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Orange County Fatal Job Injury Accident


Aaron Dineen, 22, an Orange County worker, was killed after he suffered serious personal injury when he touched a live wire while working on a power pole in San Clemente, California. Dineen was electrocuted near El Camino Real and Avenida Valencia, according to a news report in The Orange County Register. Dineen, a contractor for a utility company, was pronounced dead shortly after the accident the afternoon of September 22, 2009. When emergency personnel arrived on scene, a witness was already performing CPR on Dineen. Paramedics were able to get an abnormal heart beat from Dineen, but they could not feel his pulse.

My heart goes out to the family and friends of young Aaron Dineen. All he was doing was his job. Tragic! I offer my heartfelt condolences to everyone who knew and loved Dineen. They will certainly be in my prayers.

California Industrial Accidents

According to the California Department of Occupational Safety and Health, 453 people were killed in various industrial accidents in California in 2005, including electrocution and burns. Electrocution on the job could occur due to many reasons including violation or failure to follow OSHA regulations; lack of protective equipment; lack of warning devices, faulty wiring, electrical overloads, exposure to power lines or sagging power lines.

I trust officials are investigating why and how this tragic California job accident occurred. And I sincerely hope Dineen’s family will get some answers. Based on this news report, it seems that Dineen was doing contract work for a utility company. In my experience working on a line crew for Southern California Edison (when I was attending college nights before I was drafted into the military), it would be unusual for a “contractor crew” to work on live power lines.

Things have changed apparently in the last 41 years. However, the question here is: What went wrong? Did Dineen believe that the lines were not “live?” Was there a communication error and if so, was this death the fault of someone else or was it the fault of the deceased worker? There are of course many other possibilities. But one thing is for certain. Someone messed up big time and it cost this 22-year-old man his life.

Dineen’s family will likely get some compensation through California worker’s compensation benefits. But as injury lawyers, we know that those benefits are hardly enough to cover the significant expenses that follow a worker’s serious injury or death.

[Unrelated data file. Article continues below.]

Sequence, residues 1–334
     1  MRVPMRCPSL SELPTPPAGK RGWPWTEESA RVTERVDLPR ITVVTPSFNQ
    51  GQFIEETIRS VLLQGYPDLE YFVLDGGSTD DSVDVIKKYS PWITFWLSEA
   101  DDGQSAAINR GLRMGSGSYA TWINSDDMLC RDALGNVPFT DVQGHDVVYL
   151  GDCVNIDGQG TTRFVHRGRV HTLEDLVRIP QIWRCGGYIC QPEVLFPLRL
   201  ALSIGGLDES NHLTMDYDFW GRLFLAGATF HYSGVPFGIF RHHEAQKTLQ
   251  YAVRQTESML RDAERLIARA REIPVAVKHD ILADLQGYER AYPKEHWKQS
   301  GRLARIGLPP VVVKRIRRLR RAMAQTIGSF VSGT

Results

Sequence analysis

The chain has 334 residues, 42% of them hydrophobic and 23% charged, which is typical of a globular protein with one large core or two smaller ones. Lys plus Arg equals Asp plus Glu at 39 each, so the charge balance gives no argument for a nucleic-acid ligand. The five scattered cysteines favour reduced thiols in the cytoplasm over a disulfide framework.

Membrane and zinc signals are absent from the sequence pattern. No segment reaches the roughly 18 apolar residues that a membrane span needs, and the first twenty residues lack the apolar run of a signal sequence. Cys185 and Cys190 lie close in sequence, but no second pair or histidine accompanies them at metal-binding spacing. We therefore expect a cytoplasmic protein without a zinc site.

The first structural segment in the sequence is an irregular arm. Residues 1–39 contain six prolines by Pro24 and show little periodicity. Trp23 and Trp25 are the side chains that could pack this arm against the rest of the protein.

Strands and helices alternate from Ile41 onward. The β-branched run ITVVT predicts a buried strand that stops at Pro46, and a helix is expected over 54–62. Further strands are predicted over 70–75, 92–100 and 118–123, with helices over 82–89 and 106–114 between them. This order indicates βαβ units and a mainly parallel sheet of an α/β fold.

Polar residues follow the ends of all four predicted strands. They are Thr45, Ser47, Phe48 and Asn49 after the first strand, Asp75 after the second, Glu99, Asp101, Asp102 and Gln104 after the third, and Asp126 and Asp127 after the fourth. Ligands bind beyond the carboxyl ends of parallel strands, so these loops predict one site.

Third Party Claims

That’s why it would be a good idea for injured workers and their families to consider filing a “third-party claim,” which are usually filed against parties other than the employer in a workplace accident. A third party can be a contractor, sub-contractor or even the manufacturer of a defective product that caused the worker’s serious injuries. Such compensation can include medical expenses, loss of earnings and even cost of long-term care. Workers compensation usually does not even cover a fraction of the expenses these workers and their families face after an accident.

Dineen’s family would be well-advised to contact an experienced Orange County personal injury lawyer who will protect their interests and fight for their rights. The utility company Dineen worked for probably has its lawyers and insurance people already working this case. Dineen’s family needs a skilled personal injury attorney on their side protecting their interests and fighting for their rights. The best California personal injury attorneys will offer a free and comprehensive initial consultation

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3 responses to “Orange County Fatal Job Injury Accident”

  1. Brianna Williamsen says:

    I went to high school with Aaron Dineen and I have been good friends with members of his family for years. He was a smart and talented guy and will be missed. I would also like to know the answers to the questions about who was at fault for this untimely death. I also offer prayers to the family.

  2. willson says:

    Interesting… I might try some of this on my blog, too. It’s quite interesting how you sometimes stop being innovative and just go for an accepted solution without actually trying to improve it… you make a couple of good points

  3. manny rogers says:

    aaron was a good friend of mine as well and will be greatly missed. this was a good article except for one part. the writer of this article john bisnar this is for you. you said you worked for SCE and your “experiance” is contractors not doing live line work? are you crazy, that is most of what we do. SCE de-enerzizes more lines than contractors.

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